Dr. Michael Wagner was director of the internal medicine residency program at St. Mary’s Hospital and a member of the Department of Medicine faculty at the University of Rochester’s School of Medicine years ago when he thought it would be interesting to pursue an MBA at the same time.
While trudging to class one wintry evening, Wagner realized he could direct his career development more effectively if he channeled his time and energy into projects at the hospital rather than pursue another degree. “I said to myself, ‘What are the issues confronting a hospital and how can I help an organization work on those issues?’”
The 53-year-old has always been a problem-solver, analytically oriented and comfortable sifting through a large amount of data and correlating that with clinical information.
“Early on I got that piece, and that was valuable to the organization,” Wagner said. “So as we looked at managed care data and clinical practices of primary care physicians, I could understand how the two were related to each other.”
“We develop practices in the community in order to bring high-level specialty care in collaboration with our referring physicians but not in competition with them.”
A facilitator and clarifier who makes things happen, Wagner believes that “people come to the table sincerely, to do the right thing. My goal is to listen carefully, to understand where they are coming from, how they look at the world, and use that in a way that is a win-win for both parties.”
His skills have proved valuable, particularly at the 550-member, Boston-based Tufts Medical Center Physicians Organization, where he held various positions before becoming president and chief executive in September 2012. Tufts Medical Center, which counts Paul Revere and Samuel Adams among its founders, is a nonprofit academic medical center home to two Boston teaching hospitals, one serving adults, the other children. It is also the principal teaching hospital for Tufts University School of Medicine. Step by step, Wagner has helped pursue a sustainable health care model that is working for Tufts Medical Center — one that is based on operating an efficient organization that depends on strong relationships with the community and a network of partners to provide the health care people need.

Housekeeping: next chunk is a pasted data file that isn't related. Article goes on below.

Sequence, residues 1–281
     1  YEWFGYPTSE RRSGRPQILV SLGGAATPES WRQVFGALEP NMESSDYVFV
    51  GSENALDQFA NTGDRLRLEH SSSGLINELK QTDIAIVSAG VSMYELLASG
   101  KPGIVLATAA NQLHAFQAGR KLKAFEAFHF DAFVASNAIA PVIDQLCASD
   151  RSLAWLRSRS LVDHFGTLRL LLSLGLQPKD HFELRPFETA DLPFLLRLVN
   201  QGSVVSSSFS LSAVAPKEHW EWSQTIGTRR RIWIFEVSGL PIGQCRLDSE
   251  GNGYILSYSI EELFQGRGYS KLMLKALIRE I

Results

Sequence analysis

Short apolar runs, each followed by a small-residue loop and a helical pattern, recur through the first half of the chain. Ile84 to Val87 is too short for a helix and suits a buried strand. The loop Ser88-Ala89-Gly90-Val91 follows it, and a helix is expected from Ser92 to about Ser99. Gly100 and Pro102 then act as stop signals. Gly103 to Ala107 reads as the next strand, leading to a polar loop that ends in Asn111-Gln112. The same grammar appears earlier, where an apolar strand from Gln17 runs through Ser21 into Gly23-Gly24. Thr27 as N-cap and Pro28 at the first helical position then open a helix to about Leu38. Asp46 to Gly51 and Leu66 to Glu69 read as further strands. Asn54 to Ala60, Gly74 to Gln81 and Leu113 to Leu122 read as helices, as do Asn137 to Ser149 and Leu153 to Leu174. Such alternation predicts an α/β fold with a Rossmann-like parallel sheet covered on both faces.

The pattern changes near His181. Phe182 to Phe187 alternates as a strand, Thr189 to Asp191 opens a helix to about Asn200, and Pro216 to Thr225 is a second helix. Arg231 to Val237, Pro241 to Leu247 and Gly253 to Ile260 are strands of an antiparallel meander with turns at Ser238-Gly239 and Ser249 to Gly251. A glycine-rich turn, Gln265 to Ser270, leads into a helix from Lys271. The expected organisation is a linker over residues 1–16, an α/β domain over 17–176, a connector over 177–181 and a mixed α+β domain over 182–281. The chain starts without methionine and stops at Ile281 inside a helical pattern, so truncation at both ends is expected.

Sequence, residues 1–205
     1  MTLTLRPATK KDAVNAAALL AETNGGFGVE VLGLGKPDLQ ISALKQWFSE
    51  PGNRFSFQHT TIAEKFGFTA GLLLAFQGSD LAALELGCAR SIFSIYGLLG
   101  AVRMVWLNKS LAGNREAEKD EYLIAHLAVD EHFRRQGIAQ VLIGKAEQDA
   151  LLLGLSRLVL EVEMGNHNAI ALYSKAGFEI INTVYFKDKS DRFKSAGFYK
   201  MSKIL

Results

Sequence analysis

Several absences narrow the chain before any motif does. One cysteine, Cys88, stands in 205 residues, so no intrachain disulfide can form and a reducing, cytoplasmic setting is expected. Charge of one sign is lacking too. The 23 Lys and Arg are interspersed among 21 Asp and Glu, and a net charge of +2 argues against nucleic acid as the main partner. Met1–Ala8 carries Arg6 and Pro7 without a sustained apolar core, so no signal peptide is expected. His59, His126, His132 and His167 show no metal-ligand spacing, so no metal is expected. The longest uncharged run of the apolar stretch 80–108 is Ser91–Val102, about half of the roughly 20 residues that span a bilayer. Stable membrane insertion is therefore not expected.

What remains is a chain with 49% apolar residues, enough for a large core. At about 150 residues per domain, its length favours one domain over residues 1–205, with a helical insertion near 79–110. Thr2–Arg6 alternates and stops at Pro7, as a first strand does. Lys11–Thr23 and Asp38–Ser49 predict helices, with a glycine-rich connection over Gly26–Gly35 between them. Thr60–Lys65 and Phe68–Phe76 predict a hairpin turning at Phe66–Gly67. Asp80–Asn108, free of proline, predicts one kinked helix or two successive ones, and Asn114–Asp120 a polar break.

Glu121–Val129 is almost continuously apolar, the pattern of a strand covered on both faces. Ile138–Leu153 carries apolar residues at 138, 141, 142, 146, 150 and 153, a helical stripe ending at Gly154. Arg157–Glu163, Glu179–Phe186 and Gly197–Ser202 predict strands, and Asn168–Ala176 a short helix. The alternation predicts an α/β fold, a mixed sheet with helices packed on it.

Tufts Medical Center is relatively small compared with its competitors in Boston — with 260 to 330 beds occupied on any given day — but it is as big as it wants to be, Wagner said. “We are happy with that bed size because we think in the future world of health care delivery, it will be efficient, relatively smaller tertiary medical centers that have a high degree of expertise in specific areas that can deliver … value to the community.”
Despite demonstrating quality and efficiency that match or exceed its larger competitors, Tufts Medical Center’s reimbursements have historically been less, “so we have to have a very cost-competitive structure,” Wagner said. But so far, the results have been positive. The center’s cost data, reviewed by the University Health System Consortium, is consistently in the top 10 range nationwide, he said. “That means we have figured out how to efficiently take care of patients. At the same time, our quality scores are as good as or better than many of our local competitors. We think that structure is very important going into the future of health care delivery.”
Another important piece of Tufts Medical Center’s philosophy is the relationships it establishes with its employees, other physicians and the community it serves. Wagner understands first-hand the power of those connections. He started his career at Tufts Medical Center as a general internist, a position he held from 1990 to 1992. He returned to the hospital in 1999 as chief of general medicine and held that role until 2003. He left for five years and returned as chief of internal medicine and adult primary care in 2008.
He credits familiarity for his returns. Like the “title song from the Boston-based television show ‘Cheers,’ everybody knows your name,” he said. “That’s how many of us feel about Tufts Medical Center — we know our patients, and they know us.”
That friendly environment extends beyond Tufts Medical Center. “Our physicians understand that in order for us to be successful we have to extend that friendliness to our referring network,” Wagner said. That involves calling people and treating them with respect. It also involves a strategy called Distributed Academic Medical Center, “where we develop practices in the community in order to bring high-level specialty care in collaboration with our referring physicians but not in competition with them,” he said. “This is something that Tufts Medical Center Physicians Organization has done for decades to build strong and respectful physician relationships.”